A Muslim President? Assessing the Causes and Consequences of Misperceptions about Barack Obama's Faith in the 2008 Presidential Election
33 Pages Posted: 13 Aug 2009 Last revised: 31 Aug 2009
Date Written: August 27, 2009
There is no question that racial and ethnic attitudes did matter in the 2008 presidential election. However, as the country elected its first black president, it was not feelings about African-Americans that were most important. Instead, it was attitudes toward Muslims, Arabs, and societal outgroups in general that seemed to be of greatest consequence. The belief that Obama was, in fact, a closet Muslim was held by a non-trivial percentage of people. In a survey experiment, we show that this misperception seems to have been prompted by cues about Obama’s middle name and his childhood religious background. The effect of these cues was conditioned by individuals’ levels of political sophistication and political predispositions. This misperception about Obama’s faith then had a significant and relatively strong negative impact on the likelihood of voting for him. In models of 2008 vote choice that controlled for nearly all of the usual suspects in presidential vote models, we found that viewing Obama as Muslim had a strong and statistically significant negative effect on the likelihood of voting for Obama. That effect, not surprisingly, was concentrated primarily among individuals with negative opinions of Muslims and Arabs. Quite strikingly, the belief that Obama was Muslim and feelings about Muslims and Arabs had much stronger effects on vote choice in 2008 than did attitudes toward African Americans.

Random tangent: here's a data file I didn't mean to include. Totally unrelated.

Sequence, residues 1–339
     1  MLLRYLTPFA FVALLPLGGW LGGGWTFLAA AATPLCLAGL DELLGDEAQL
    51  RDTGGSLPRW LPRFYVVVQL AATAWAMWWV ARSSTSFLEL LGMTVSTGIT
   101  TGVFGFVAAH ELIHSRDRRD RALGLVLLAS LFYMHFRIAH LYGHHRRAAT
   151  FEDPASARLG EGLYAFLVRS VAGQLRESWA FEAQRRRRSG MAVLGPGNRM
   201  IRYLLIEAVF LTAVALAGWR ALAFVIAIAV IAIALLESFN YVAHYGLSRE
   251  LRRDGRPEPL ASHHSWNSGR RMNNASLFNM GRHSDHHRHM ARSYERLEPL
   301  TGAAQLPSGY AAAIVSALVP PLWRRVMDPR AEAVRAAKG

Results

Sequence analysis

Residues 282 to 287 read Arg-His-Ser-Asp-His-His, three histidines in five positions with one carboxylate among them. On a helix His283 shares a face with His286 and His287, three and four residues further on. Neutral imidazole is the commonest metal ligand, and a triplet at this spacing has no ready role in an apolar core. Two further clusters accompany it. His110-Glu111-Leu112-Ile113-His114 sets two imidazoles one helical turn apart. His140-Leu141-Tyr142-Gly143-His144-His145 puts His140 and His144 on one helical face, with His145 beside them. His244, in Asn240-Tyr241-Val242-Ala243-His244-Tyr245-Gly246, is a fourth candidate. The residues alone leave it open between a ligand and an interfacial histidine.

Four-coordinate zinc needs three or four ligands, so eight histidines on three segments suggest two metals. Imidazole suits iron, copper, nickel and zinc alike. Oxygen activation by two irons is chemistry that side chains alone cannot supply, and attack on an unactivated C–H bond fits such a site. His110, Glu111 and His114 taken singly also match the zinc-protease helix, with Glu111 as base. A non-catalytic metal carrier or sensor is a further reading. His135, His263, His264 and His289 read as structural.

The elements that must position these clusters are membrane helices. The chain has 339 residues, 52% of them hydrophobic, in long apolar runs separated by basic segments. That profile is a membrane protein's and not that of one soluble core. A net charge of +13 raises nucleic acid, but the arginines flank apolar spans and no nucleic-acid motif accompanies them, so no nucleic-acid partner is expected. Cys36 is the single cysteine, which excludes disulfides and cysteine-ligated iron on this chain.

Keywords: Obama, Muslim, misperception, survey experiment, voting
Suggested Citation: Suggested Citation